It also means internal team members aren’t wasting time trying to find or access data or other project information—everything they need is on a single dashboard (such as Salesforce Customer 360).
- Great for pulling together success stories through data. The final benefit here is a long-term one. When you have good project visibility across your organization, it makes it easier to gather success stories and highlight supporting data.
Building case studies of customers you’ve helped successfully reach their goals are essential for closing new leads. According to a survey from Forrester, 82% of technology-buying decision-makers said it was “important or very important” for sales reps to have relevant examples or case studies to share with them.
Having case studies at the ready helps justify your rates and business value.
As you can see, these benefits not only help keep your business running but also help to surpass the basics and build better relationships.
Having high visibility should be so ingrained in a professional service business that it’s just “part of the culture”. However, there are a few practical tricks to help you achieve better project visibility.
How to achieve better project visibility using automation
One of the best ways to get better project visibility is to make sure it’s an automatic part of project processes. Why? So you rarely need to think about it—it’s already there.
In this section, we’ll show you some handy practical tips on using automation tools to help boost your project visibility more efficiently, and at scale.
Automate reporting processes
One of the easiest ways to get better project visibility is to automate reporting processes.
You can automate the reporting process which is often the part that can take the longest when trying to do it manually. That way, you only need to spend the time running-through reports with clients, and not actually creating them.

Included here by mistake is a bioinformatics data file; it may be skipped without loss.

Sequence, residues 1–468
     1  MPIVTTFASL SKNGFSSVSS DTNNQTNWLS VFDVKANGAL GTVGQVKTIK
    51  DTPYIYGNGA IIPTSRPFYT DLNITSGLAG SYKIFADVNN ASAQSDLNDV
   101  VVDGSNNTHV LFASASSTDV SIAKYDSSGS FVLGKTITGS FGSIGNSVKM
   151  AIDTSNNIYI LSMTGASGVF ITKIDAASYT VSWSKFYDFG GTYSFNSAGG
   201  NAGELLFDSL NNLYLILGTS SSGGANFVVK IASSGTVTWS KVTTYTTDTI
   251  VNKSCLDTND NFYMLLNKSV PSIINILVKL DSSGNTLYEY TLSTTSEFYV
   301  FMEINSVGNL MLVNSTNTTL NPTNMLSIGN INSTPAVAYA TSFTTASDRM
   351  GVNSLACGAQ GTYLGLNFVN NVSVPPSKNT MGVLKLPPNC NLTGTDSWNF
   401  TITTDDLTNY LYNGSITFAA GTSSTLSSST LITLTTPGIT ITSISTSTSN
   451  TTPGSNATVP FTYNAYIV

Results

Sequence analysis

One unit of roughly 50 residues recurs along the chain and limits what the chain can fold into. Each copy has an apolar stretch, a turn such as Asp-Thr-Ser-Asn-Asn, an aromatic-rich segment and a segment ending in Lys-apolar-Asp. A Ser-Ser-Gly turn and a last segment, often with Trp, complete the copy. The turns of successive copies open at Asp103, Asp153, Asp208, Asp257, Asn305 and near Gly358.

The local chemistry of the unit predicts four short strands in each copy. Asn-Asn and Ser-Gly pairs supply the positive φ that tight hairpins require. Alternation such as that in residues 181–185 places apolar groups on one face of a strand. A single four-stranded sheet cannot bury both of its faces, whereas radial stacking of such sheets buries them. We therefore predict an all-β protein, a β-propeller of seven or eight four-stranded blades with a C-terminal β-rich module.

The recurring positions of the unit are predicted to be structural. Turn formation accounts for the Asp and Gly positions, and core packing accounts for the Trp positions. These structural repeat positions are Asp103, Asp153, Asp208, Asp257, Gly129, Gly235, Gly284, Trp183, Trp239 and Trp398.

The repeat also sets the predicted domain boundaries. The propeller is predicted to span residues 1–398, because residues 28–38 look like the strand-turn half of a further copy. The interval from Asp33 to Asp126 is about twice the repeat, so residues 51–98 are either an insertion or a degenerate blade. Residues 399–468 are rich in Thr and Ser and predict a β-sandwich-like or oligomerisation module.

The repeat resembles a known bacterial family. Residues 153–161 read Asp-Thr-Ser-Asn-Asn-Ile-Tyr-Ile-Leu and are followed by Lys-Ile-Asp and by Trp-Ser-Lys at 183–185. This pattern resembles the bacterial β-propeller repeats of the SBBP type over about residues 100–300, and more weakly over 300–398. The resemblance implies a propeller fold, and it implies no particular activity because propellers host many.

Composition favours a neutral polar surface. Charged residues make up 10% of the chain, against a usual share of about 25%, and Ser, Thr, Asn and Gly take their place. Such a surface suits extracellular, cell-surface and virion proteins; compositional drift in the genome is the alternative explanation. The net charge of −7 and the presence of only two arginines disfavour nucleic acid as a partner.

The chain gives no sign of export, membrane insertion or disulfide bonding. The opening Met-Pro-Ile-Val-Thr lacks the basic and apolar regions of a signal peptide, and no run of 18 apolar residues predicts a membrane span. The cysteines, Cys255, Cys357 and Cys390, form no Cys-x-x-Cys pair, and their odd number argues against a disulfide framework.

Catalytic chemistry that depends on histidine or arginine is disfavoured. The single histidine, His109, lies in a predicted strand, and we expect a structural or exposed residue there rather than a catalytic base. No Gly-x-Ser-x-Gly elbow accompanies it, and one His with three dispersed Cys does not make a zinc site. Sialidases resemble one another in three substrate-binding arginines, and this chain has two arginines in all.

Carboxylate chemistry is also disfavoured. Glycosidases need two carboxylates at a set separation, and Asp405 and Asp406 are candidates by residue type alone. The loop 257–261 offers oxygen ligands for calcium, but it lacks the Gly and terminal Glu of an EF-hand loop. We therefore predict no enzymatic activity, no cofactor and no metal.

– James Taylor (SEO Consultant)
Automated reporting doesn’t necessarily mean sending out the same report once a week (unless that’s what your client wants). The true power of automated reporting is how you collect and present the data for your reports.
When you have a person manually aggregating project data and building reports, human error is much more likely to occur. They might miss out on a metric the client believes to be important, or cherry-pick data points that mislead clients about the health of the project.
Using Cloud Coach Reporting, you can build and share dashboard reports where data has been captured from every angle of the project.
Of course, that’s on top of the time wasted on putting together a report when they could have been doing more billable work.
Offer real-time visibility tools
Another similar solution to automated fixed-style reporting is to offer your client the ability to see real-time updates in your project management solution.
The apex of client-facing project visibility is letting them have real-time views of their projects with you—seeing the data they want and when they want it. The idea of having client-facing automated real-time project status tools sounds complicated, but it’s actually super simple.
The basic premise is having both an internal and external project view, the latter of which you can share with your clients. Within Cloud Coach, you can achieve this with just a few clicks.
Having a live view of your project can help save time in having project update meetings, but it’s still worth sending project reports for finer detailing.
Build an automated risk, issues, and change request process
When we talk about project failure as a result of poor communication, one of the symptoms is not having proper risk or issue reporting and change request processes.
According to research from PoliteMail, 93% of internal communicators still use email to reach employees. That’s a big problem! The main issue with using email for internal comms is that it creates information and communication silos—not ideal for project visibility.
Instead, you can use an automated ticketing system that captures risks and issues as well as change requests and creates tasks for them to be acknowledged, just like you can in Cloud Coach.
This way, project managers can have an easy-to-view solution for tracking these types of reports.
Implement time tracking
Our final quick automation tip for project visibility is using time tracking with your team members.
Knowing exactly what your team members have been working on and when is crucial for accurately calculating billable hours—as well as figuring out employee utilization rates. By implementing a time tracking solution, you can better understand how your employees are performing on particular projects as well as use that data in project update reports.
Time tracking should be a part of any project process solution, and Cloud Coach is no exception. You can use Cloud Coach to provide your employees with a user-friendly way to capture time, and even use Timecard Genius AI to show what they have worked on but not recorded time on in the week.